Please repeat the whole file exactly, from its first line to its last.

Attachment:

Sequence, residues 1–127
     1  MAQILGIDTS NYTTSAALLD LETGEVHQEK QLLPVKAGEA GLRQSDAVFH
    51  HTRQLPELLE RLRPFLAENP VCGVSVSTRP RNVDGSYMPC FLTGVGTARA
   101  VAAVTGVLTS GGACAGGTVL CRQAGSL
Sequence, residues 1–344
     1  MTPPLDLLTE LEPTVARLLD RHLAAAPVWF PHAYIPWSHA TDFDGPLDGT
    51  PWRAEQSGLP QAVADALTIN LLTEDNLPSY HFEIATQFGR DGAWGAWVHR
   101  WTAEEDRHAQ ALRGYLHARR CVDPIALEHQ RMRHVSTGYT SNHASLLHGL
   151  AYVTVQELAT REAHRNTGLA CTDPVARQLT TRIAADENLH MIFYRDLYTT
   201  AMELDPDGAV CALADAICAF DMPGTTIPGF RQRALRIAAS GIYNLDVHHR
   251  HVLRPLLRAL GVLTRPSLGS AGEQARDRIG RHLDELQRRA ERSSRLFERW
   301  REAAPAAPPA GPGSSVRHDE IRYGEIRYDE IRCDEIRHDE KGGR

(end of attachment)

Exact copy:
Sequence, residues 1–127
     1  MAQILGIDTS NYTTSAALLD LETGEVHQEK QLLPVKAGEA GLRQSDAVFH
    51  HTRQLPELLE RLRPFLAENP VCGVSVSTRP RNVDGSYMPC FLTGVGTARA
   101  VAAVTGVLTS GGACAGGTVL CRQAGSL
Sequence, residues 1–344
     1  MTPPLDLLTE LEPTVARLLD RHLAAAPVWF PHAYIPWSHA TDFDGPLDGT
    51  PWRAEQSGLP QAVADALTIN LLTEDNLPSY HFEIATQFGR DGAWGAWVHR
   101  WTAEEDRHAQ ALRGYLHARR CVDPIALEHQ RMRHVSTGYT SNHASLLHGL
   151  AYVTVQELAT REAHRNTGLA CTDPVARQLT TRIAADENLH MIFYRDLYTT
   201  AMELDPDGAV CALADAICAF DMPGTTIPGF RQRALRIAAS GIYNLDVHHR
   251  HVLRPLLRAL GVLTRPSLGS AGEQARDRIG RHLDELQRRA ERSSRLFERW
   301  REAAPAAPPA GPGSSVRHDE IRYGEIRYDE IRCDEIRHDE KGGR